Thank you for any help you may offer,
Shachar
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fruitoftheloom
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Re: Writing an OS from scratch

Fri Apr 16, 2021 2:15 pm

shacharshemesh wrote:
Fri Apr 16, 2021 1:43 pm
Hi all,

For educational reasons, I would like to write an OS from scratch for the RaspberryPi 4. I found a bunch of resources, but there are a bunch of resources that I feel I should have found and didn't. Any help would be appreciated.

The most important resource, I believe, is that BCM2711 data sheet, which I found at https://www.raspberrypi.org/documentati ... 11_1p0.pdf.

While it contains a lot of what I'd need, I feel there is stuff that should have been there but isn't. For example, I know the SoC has an ethernet MAC, but it does not appear to be documented anywhere. I kind of picked up that it is PCI connected, but then I expected to see a PCI controller, which is not documented either. I'm sure I'm missing something basic, but I'm not sure what.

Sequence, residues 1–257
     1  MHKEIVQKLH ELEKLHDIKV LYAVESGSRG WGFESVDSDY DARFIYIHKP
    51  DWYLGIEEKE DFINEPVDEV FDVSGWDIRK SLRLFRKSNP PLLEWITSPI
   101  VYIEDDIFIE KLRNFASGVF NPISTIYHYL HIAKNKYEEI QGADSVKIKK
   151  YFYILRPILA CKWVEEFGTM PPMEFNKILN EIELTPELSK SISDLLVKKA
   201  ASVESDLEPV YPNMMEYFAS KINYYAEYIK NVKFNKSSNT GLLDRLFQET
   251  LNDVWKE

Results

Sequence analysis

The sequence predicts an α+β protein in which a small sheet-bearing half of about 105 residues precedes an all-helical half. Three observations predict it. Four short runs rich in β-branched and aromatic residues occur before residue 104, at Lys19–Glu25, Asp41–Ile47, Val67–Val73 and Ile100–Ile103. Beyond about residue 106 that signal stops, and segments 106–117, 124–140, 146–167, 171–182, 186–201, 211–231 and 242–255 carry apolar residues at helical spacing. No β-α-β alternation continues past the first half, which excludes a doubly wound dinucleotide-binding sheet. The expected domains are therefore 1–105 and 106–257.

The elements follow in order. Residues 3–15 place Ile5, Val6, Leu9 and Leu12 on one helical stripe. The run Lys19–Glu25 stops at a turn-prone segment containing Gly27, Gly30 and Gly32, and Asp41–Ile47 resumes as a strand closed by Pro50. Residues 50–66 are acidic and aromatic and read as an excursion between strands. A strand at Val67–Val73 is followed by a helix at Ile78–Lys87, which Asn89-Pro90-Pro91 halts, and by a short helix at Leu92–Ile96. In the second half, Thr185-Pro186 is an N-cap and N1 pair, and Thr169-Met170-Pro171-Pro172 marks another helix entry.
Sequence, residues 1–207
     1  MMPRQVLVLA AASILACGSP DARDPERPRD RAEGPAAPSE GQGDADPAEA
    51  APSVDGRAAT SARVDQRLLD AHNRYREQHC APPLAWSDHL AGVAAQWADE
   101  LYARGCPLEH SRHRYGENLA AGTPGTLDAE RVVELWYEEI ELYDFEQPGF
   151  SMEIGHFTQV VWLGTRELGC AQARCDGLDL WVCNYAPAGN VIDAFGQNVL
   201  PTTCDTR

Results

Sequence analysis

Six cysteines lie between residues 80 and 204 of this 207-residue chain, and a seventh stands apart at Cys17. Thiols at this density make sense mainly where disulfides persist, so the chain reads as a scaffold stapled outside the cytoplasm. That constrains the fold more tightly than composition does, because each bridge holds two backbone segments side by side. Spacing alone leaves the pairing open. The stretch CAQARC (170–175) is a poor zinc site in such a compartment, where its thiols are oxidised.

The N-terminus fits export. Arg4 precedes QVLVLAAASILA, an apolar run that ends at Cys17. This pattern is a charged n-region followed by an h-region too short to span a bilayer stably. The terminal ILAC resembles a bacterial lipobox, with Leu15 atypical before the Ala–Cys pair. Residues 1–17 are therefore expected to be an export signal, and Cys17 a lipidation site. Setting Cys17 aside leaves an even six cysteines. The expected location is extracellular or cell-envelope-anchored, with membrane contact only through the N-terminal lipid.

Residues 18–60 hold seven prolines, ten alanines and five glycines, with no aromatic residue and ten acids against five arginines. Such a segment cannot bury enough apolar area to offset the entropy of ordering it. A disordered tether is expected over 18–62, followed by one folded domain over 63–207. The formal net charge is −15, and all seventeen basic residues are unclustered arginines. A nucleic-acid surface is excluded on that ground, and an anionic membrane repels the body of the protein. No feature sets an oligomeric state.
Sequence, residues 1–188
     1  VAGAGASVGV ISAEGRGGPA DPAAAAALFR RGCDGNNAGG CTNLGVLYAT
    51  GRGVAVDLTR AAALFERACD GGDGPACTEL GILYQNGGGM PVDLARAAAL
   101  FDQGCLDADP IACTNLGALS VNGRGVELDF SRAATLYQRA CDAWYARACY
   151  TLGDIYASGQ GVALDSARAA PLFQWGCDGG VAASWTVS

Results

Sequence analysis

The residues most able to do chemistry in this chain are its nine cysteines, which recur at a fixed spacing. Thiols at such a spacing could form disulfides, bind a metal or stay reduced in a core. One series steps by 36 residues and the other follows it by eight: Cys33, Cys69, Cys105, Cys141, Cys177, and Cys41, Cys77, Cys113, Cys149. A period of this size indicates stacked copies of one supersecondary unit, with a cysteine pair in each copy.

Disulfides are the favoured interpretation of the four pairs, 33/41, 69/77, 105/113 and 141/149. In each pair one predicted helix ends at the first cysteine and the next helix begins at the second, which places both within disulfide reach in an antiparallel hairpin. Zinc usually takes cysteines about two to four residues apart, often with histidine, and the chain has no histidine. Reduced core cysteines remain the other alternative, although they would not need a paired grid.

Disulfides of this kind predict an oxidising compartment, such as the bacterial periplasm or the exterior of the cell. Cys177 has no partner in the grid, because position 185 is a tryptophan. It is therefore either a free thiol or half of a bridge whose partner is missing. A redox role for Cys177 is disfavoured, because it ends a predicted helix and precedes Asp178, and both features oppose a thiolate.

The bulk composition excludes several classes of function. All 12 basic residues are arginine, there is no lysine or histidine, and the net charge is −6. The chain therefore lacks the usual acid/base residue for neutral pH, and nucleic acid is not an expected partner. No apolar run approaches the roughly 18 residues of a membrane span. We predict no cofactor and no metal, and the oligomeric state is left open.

Something else I'm used to SoCs datasheets containing but this one doesn't, is the pin-out of the chip. This is essential for understanding pin multiplexing and reading the board schematics, but does not appear to be present in the datasheet.

Which brings me to the board schematics. I found something that purports to be it at https://www.raspberrypi.org/documentati ... educed.pdf. It does not, however, seem to have the actual BCM2711 chip on it. Worse, when I followed the Ethernet port, I see references to a line called "TRD0_P". That line appears only once in the schematics, implying that it is not connected to anything. That label also doesn't appear in the BCM2711 datasheet.

Last, but by no means least, there is the question of hooking the boot process. It is not clear to me where is the right place to stop the normal RP4 boot process into Linux and start running my own code. The eeprom and start.elf files don't seem to be it. Do I need to write my code as "vmlinuz"? If so (and I'm sorry if I'm asking something trivial here), what state is the chip when I get control? Am I running 32 or 64 bit? Is there any hardware I should assume is already initialized?